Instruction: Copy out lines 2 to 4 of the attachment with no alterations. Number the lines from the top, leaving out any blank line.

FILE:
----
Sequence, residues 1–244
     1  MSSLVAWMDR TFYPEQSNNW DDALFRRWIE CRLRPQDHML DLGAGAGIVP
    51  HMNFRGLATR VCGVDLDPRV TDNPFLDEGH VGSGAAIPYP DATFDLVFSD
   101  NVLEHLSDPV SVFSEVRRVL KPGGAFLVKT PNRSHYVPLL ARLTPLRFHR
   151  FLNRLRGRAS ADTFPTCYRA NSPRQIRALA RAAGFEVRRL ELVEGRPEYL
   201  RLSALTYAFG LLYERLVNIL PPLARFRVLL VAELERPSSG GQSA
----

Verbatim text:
     1  MSSLVAWMDR TFYPEQSNNW DDALFRRWIE CRLRPQDHML DLGAGAGIVP
    51  HMNFRGLATR VCGVDLDPRV TDNPFLDEGH VGSGAAIPYP DATFDLVFSD
   101  NVLEHLSDPV SVFSEVRRVL KPGGAFLVKT PNRSHYVPLL ARLTPLRFHR